You could add other raw vegetables as you like, for example, fennel or endive for a slightly bitter emphasis, while mangetout peas and baby sweetcorn make contrastingly sweet additions.
Deseed the peppers and cut the flesh into strips. Cut the carrots and celery into similarly sized strips.
Make the sauce: put the garlic in a pan and just cover with milk. Bring to the boil, lower the heat and simmer for 15 minutes. (If you don’t cook the garlic before incorporating into the sauce it will be very pungent and indigestible. This preliminary poaching gentles it without taking away all its vigour.)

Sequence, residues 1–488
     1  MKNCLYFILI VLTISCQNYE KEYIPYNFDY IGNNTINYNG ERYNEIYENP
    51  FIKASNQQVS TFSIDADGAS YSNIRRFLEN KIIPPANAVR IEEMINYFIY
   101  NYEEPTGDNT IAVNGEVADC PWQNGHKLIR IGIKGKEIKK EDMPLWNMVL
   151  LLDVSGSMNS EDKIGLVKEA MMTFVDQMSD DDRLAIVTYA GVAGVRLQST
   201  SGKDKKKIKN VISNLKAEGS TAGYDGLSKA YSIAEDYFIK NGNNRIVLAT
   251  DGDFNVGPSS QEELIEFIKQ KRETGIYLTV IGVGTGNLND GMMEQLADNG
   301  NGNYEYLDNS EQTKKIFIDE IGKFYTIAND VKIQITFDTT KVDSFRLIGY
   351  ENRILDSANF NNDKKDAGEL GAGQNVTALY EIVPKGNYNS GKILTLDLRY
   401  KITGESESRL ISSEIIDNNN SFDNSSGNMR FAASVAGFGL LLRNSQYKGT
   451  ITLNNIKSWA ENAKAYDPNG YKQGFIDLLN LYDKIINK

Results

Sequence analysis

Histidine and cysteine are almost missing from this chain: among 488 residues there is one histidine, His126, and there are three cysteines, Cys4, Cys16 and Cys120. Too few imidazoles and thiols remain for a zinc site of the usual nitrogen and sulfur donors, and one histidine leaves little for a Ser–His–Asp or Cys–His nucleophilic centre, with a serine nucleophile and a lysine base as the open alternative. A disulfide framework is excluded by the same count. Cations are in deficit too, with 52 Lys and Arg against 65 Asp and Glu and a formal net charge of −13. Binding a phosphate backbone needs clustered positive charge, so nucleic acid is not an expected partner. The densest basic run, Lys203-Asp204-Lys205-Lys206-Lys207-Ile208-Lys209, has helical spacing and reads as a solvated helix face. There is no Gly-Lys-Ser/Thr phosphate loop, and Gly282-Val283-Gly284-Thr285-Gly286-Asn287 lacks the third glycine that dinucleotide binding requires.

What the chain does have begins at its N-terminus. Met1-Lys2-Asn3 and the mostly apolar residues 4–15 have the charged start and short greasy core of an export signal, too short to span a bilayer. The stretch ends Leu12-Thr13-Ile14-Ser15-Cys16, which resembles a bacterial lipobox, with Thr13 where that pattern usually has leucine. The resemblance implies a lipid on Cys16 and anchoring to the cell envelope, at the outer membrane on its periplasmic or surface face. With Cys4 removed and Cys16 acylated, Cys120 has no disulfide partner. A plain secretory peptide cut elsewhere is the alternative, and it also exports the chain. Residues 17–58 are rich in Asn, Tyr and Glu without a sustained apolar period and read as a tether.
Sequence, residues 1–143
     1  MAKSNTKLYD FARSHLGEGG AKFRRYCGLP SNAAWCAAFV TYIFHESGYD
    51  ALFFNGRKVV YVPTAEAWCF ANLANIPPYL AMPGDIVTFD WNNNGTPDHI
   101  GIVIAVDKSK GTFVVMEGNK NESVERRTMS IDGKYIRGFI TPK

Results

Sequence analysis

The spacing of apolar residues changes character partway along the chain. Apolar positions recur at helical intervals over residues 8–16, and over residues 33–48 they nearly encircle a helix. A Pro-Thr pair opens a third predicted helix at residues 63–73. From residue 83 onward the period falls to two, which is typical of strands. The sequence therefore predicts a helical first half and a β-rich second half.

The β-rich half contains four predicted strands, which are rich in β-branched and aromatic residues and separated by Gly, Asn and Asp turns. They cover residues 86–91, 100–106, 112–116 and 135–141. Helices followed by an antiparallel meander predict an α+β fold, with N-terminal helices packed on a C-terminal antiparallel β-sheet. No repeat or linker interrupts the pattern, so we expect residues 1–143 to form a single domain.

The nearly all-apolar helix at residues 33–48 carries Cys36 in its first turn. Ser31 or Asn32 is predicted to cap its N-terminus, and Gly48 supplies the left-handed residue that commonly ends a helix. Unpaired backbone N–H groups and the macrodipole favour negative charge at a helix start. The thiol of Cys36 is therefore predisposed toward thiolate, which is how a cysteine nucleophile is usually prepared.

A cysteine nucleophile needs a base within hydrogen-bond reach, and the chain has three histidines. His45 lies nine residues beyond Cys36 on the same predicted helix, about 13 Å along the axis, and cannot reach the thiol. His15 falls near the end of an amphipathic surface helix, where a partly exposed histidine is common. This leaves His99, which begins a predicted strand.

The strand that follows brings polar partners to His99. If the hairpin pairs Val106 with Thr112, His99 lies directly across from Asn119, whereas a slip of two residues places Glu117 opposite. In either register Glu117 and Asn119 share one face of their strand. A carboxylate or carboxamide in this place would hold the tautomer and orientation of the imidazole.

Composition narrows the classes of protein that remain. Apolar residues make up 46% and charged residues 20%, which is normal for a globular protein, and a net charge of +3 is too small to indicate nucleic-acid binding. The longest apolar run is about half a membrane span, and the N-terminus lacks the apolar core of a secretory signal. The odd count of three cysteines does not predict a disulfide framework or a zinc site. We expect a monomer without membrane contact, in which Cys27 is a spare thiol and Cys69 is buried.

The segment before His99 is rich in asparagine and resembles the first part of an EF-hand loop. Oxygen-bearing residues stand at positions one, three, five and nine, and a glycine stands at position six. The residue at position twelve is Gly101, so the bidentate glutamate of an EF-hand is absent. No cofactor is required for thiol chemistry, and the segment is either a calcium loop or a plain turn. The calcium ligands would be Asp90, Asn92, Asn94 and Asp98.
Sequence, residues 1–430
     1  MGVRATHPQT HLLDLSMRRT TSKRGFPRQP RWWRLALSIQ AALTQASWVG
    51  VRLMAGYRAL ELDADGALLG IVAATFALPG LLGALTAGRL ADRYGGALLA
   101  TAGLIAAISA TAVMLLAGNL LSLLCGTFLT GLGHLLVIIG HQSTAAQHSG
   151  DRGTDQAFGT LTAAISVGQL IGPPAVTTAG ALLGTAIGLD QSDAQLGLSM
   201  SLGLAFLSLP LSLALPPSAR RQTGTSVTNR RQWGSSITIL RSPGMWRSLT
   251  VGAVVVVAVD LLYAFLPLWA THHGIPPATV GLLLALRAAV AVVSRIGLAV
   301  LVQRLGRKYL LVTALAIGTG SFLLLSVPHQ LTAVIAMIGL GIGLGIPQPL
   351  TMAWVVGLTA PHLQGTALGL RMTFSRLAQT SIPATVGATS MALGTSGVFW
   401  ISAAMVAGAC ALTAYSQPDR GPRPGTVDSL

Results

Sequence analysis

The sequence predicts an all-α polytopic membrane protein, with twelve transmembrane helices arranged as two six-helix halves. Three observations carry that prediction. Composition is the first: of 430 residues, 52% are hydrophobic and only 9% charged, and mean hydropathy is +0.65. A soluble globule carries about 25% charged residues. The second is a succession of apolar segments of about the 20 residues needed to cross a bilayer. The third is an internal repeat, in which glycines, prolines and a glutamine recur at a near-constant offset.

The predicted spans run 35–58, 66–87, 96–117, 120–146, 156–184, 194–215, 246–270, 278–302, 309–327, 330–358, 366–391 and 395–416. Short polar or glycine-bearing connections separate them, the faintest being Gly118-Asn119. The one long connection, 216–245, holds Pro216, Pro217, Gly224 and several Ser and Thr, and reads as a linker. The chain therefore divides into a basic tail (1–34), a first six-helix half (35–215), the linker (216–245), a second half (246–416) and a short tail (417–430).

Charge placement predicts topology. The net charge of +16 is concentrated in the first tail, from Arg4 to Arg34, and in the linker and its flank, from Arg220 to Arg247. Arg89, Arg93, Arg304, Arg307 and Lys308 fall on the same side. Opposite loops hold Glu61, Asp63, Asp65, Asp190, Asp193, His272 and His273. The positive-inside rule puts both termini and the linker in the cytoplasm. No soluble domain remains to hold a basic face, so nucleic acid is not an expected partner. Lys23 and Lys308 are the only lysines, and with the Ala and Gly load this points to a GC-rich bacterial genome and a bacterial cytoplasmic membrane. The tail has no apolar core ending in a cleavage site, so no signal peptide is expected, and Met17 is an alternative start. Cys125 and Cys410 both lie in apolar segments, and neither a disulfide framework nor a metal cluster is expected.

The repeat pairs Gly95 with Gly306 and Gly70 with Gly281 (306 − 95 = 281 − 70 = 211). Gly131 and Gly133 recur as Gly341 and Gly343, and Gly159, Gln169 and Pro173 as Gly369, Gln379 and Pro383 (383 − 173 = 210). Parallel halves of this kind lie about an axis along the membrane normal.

Add the anchovies to the milk and garlic. Traditionally butter is now added, but crème fraîche is nicer. Whisk together until smooth with a uniform distribution of the garlic and anchovies. Season with pepper, stir in and transfer to the bagna cauda over the night-light or candle.
Sit the bagna cauda on a large serving dish and arrange the vegetables round it for people to help themselves. Open a bottle of Barolo to let it breathe before you start making the dish.
© 1998 Alastair Little and Richard Whittington estate. All rights reserved.